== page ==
The process of the invention is applicable to any catalytic cracking process wherein a metals-containing hydrocarbon feedstock is catalytically cracked at elevated temperatures in the presence of cracking catalyst particles to produce a product hydrocarbon of lower average boiling point and lower average molecular weight. The process is most useful for cracking processes treating hydrocarbon feedstocks containing more than 5 wppm of metal contaminants, and is particularly beneficial when the feedstock contains between about 5 and 50 wppm, preferably 5 to 25 wppm, of metal contaminants. Accordingly, if the hydrocarbon feedstock contains more than 50 wppm of metal contaminants, as may well be the case with vacuum and atmospheric residual fractions, such feedstocks are ordinarily diluted with a light gas oil or other hydrocarbon liquid containing less than about 1 wppm of metal contaminants to produce a feedstock blend containing less than about 50 wppm of metal contaminants. Alternatively, the feedstock containing more than 50 wppm of metal contaminants may be subjected to a deasphalting process to reduce the metals concentration to less than 50 wppm.
The invention will be found most particularly useful when the metals-containing hydrocarbon feedstock is being treated in a cyclic, fluidized catalytic cracking (FCC) unit. Typically in such units, catalyst particles are recycled through a catalytic cracking reaction zone, a stripping zone, and a regeneration zone. In the catalytic cracking zone, usually maintained in a cracking reactor known as a riser, conditions of elevated temperature are maintained such that the hydrocarbon feedstock in the presence of the catalyst particles is converted to a more valuable hydrocarbon product (e.g. gasoline) while a carbonaceous and hydrocarbonaceous-containing material (i.e. coke) deposits on the catalyst particles, thereby rendering such particles inactive for further catalytic cracking. To restore the catalyst particles to their original activity, they are first passed through a stripping zone, wherein a stripping gas such as steam or nitrogen is used to recover as much hydrocarbonaceous product as possible from the coke on the inactive catalyst particles. The remainder of the coke is removed by combustion in a regeneration zone in the presence of a free oxygen containing gas. The catalyst particles, now restored in activity and selectivity, are returned to the cracking zone and the cycle is repeated.
Normally, the FCC process as described cannot be usefully applied to hydrocarbon feedstocks containing more than about 5 wppm metal contaminants because the life of the cracking catalyst contacted with such feedstocks is shortened to an uneconomically short period of time. In this invention, however, the FCC or other catalytic cracking process is improved so that the catalyst particles retain a high degree of activity and selectivity despite the presence of contaminant metal components which would normally decrease catalyst activity and selectivity to unacceptable levels in a relatively short period of time. The method of this invention comprises depositing aluminum components as passivating agents on the cracking catalyst particles to promote the conversion of metal contaminants to innocuous forms. The aluminum components may be deposited before, after, or during the time the catalyst particles are contacted with a metals-containing hydrocarbon feedstock. As the catalyst containing the deposited aluminum components is cycled through the catalytic cracking, steam stripping, and regeneration zones of the cracking unit, the metal contaminants, whether previously deposited, subsequently deposited, or simultaneously deposited with the aluminum passivating agents, become less active for undesired dehydrogenation reactions and less inhibiting to intended cracking reactions. The chemical reactions by which the metal contaminants are passivated are believed to be catalyzed by the cracking catalyst particles, and although the invention is not limited thereby, it is theorized that the deposited aluminum components, if not initially introduced into the cracking unit as the oxide or hydroxide, are converted therein to such forms, which then passivate the metal contaminants by chemically reacting therewith. Postulated as typical of the chemical reactions occurring in the cracking unit are:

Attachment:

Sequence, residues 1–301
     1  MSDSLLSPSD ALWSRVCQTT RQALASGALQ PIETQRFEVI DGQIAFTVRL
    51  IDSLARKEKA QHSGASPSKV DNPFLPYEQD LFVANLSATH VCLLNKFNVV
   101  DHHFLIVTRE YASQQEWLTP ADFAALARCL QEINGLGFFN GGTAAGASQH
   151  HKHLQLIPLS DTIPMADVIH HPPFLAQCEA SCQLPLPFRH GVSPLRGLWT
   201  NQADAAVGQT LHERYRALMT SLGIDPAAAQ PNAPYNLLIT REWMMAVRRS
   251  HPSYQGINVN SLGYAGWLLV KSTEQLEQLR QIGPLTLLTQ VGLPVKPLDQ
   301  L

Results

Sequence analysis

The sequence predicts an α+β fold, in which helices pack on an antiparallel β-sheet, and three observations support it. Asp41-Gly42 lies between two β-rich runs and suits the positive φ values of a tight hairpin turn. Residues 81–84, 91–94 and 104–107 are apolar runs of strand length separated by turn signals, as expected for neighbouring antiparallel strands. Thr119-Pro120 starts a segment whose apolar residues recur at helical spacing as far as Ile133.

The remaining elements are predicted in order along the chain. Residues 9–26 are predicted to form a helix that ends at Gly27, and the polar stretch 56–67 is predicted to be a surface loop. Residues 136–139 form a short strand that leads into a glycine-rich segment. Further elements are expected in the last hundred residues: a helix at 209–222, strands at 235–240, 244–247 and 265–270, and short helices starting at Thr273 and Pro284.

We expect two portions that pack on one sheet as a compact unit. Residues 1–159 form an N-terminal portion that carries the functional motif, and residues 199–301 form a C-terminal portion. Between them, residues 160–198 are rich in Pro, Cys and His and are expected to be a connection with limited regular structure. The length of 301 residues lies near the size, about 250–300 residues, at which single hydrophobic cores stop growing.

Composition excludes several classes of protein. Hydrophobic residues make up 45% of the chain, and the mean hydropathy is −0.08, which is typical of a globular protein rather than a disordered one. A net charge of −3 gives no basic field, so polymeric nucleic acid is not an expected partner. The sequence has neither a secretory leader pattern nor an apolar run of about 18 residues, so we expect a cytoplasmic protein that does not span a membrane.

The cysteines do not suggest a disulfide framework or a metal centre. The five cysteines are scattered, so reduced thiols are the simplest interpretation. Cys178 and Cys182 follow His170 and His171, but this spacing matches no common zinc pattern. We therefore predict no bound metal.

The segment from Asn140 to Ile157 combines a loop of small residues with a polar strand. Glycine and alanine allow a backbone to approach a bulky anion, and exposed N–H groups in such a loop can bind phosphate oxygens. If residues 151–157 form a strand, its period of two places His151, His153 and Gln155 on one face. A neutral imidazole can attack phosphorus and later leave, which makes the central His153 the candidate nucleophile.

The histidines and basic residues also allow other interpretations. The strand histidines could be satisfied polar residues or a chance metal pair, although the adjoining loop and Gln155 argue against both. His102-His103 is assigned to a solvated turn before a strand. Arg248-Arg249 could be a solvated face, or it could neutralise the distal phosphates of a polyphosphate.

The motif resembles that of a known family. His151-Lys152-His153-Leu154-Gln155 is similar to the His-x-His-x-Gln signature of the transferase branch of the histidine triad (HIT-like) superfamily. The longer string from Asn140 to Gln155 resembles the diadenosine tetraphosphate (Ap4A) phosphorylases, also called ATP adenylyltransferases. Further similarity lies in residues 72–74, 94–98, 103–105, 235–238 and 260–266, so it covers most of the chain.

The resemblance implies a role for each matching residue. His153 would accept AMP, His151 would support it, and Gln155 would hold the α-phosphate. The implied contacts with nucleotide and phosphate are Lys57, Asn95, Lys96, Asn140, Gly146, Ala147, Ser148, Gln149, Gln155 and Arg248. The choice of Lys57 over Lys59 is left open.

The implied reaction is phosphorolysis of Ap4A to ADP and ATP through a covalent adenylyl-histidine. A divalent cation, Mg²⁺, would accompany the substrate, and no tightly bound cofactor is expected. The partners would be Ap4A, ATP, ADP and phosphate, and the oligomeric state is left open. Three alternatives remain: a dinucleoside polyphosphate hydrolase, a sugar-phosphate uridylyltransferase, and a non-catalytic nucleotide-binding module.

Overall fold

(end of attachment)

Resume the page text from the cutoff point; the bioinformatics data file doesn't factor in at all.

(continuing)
Ni+2Al(OH)3 →NiAl2 O4 +2H2 O+H2
2V+2Al(OH)3 →2AlVO3 +3H2
2V+2Al(OH)3 +2H2 O→2AlVO4 +5H2
NiO+Al2 O3 →NiAl2 O4
V2 O5 +Al2 O3 →2AlVO4
2Ni+4Al(OH)3 +O2 →2NiAl2 O4 +6H2 O
4V+4Al(OH)3 +5O2 →4AlVO4 +6H2 O
The metal contaminants are thus converted to inorganic compounds which are relatively inactive for dehydrogenation reactions in the catalytic cracking reaction zone, and the life of the catalyst particles is increased by decreasing the poisoning effects of the deposited metal contaminants.